Have you ever fallen in love with someone who didn’t love you back? Did you stop pursuing or keep pushing forward? And if so, how far did you take it?
Lisa A. Phillips knows first-hand how love can make us do some crazy things. The summer she turned 30, she found herself in the throes of romantic obsession with a man who didn’t love her back.
Instead of turning around and moving on, she found herself sneaking into his apartment building where she wasn’t greeted with open arms, but by a man with a baseball bat who was ready to call 911.
Lisa’s a journalism professor at SUNY New Paltz and a former radio reporter who has contributed stories to NPR, The Boston Globe, Cosmopolitan, and Psychology Today. Her own story of unrequited love and romantic obsession was featured in the New York Times Modern Love column, and for her book Unrequited: Women and Romantic Obsession, she spoke with dozens of women caught in Cupid’s crosshairs of one-sided love, digging deep into an investigation of the nature of unrequited love and romantic obsession.
I recently spoke with Lisa for an in-depth interview for the School of Psych podcast (check it out on iTunes). Here are some things we learned about unrequited love, romantic obsession, and breaking free from the bonds of an impossible relationship.
You are not alone.
"Unrequited love is incredibly common," Lisa says. She cites estimates that over 90 percent of people have had some experience with it at least by their early 20s. The good news is that you're not alone, but the bad news is that what you may feel is a uniquely amazing, special, and unique star-crossed love that no one else could possibly understand really isn't. We get it...we've been there, too.
It takes an active mind to stay connected to a passive partner.
So much of unrequited love is about indecision and unwillingness to walk away despite all the red flags and warning signs. Of course, when a possible paramour sends you mixed signals, it can really mess with your head, but ultimately know that your mind can be playing tricks on you and causing also you to look and listen for exactly what you’re hoping to see and hear from your unavailable lover.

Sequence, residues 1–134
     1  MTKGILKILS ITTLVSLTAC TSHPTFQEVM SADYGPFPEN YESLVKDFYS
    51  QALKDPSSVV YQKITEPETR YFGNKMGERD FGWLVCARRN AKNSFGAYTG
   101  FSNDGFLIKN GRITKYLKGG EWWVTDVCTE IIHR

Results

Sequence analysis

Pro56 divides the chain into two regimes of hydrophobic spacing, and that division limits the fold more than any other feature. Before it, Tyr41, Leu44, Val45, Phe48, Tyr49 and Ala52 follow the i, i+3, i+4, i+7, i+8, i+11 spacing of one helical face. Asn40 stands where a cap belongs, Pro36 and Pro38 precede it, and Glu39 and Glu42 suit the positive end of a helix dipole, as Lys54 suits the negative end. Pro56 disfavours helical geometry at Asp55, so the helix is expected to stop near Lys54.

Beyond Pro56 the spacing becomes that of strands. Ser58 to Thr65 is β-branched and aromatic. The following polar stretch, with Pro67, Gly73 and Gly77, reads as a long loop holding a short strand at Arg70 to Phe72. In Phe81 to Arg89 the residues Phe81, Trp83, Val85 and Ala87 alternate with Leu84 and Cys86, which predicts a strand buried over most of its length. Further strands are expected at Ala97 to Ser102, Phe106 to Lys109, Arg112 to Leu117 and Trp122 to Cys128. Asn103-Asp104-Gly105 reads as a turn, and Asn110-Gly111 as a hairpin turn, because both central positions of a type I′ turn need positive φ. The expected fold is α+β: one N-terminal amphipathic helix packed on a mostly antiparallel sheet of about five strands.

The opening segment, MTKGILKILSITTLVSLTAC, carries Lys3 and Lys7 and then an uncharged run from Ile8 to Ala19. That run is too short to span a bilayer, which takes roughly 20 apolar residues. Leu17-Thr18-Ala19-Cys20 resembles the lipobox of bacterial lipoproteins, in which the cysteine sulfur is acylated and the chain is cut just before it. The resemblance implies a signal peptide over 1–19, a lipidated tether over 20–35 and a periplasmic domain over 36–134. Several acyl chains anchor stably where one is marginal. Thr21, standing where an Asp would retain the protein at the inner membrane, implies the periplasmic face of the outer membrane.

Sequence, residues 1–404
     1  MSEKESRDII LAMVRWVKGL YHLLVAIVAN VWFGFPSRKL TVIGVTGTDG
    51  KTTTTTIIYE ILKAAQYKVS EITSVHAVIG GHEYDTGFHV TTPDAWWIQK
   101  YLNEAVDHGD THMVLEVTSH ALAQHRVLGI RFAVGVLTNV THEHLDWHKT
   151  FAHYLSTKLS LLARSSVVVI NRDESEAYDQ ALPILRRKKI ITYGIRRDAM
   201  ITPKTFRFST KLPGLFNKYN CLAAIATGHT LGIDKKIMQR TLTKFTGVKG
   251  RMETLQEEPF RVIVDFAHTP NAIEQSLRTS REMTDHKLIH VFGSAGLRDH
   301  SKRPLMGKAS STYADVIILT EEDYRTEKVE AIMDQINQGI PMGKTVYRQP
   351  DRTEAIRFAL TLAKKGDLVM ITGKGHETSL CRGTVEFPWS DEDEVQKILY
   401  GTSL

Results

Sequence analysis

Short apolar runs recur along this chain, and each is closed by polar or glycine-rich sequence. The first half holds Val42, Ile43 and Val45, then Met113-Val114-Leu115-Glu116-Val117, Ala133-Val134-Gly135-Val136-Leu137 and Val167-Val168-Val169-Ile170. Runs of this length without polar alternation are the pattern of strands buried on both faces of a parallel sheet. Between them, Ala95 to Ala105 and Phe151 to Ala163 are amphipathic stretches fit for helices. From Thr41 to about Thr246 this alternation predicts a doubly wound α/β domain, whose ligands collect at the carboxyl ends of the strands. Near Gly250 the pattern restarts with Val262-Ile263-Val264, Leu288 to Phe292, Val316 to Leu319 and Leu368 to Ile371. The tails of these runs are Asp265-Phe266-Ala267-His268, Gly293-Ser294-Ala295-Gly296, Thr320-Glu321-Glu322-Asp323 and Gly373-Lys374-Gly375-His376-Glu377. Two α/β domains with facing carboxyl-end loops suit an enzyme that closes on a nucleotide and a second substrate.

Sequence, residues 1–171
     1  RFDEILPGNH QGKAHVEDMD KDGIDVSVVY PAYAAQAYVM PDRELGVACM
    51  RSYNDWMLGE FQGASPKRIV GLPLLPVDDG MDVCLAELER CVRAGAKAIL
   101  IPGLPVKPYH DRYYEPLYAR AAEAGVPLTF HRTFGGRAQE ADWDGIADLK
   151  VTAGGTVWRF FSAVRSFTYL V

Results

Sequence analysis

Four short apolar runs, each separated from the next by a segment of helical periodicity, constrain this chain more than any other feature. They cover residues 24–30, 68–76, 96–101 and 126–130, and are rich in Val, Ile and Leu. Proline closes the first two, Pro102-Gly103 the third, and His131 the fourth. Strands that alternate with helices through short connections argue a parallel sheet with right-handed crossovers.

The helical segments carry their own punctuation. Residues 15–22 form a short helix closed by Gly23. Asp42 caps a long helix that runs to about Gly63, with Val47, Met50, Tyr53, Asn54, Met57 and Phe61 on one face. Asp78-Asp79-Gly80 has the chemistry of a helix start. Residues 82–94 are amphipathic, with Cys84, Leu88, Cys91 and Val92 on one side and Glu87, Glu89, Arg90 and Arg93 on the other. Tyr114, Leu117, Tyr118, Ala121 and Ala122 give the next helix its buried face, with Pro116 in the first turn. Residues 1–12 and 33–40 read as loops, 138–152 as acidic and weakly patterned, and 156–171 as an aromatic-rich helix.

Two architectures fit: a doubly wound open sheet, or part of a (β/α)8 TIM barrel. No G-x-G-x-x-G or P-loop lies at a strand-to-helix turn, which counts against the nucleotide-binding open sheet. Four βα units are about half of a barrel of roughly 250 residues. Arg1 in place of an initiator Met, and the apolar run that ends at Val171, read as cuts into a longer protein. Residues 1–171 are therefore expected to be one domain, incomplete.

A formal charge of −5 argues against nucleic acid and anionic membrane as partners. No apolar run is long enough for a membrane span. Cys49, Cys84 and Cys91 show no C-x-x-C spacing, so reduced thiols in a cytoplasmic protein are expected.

“The state of mind of being in an unrequited obsession,” Lisa says, “is that you’re hunting for clues…you’re hunting for signals…you can’t truly listen to the other person anymore.” It takes courage and clarity to walk away from someone who can’t or won’t love you back…and that clarity is hard to come by when you’re caught in the heady and intoxicating brew of romantic love.
Romantic obsession can take you down a dark road to becoming someone you don’t recognize.
Your integrity matters. When romantic pursuits start you doing some things that aren’t in your general character and would make you step back and pause if you ever heard of someone else doing them, it’s a huge wake-up call and a warning sign to take some action and get some help.
This could be over-messaging (texting, emailing all the time), snooping, or even downright stalking behavior. Lisa shares the story of former astronaut and jilted lover Lisa Nowak who drove almost a 1,000 miles in an apparent attempt to confront and kidnap a rival for her former lover. "This brilliant career was utterly ruined over unrequited love," Lisa says, "[and] a loss for all of us." If you find yourself caught up in doing something that seriously feels out of character over a relationship that’s not treating you well or making your life better in any way, it’s time to take a good hard look at severing ties.
Finally, unrequited love changes us, sometimes for worse, but sometimes for better.
It doesn’t have to be all doom and gloom when you find yourself falling for someone who just isn’t into you. Lisa writes about “the transformational power of unrequited love.” Without unrequited love, we wouldn’t have Dante’s great works or the poetry of Emily Dickinson, she highlights, “it’s a very imaginative process.” The difference between tragedy and transcendence? It's all in how you approach it.
How can you make the most of your unrequited love experience? Sit with your feelings, accept them, grieve them, and ask yourself, what is this feeling telling you, what’s missing, what were you hoping it could do for you, and then ask yourself, “can you get those things in another way, in a real way.” And that can be really hard to do, so don’t be hesitant to seek out personal and professional support along the way.
And if all else fails…
Lisa suggests remembering “what a glorious and harmless revenge living your best life is.”
Get the full interview with author Lisa A. Phillips and more on Unrequited: Women and Romantic Obsession by listening to episode 1 and subscribing to the School of Psych podcast on iTunes.
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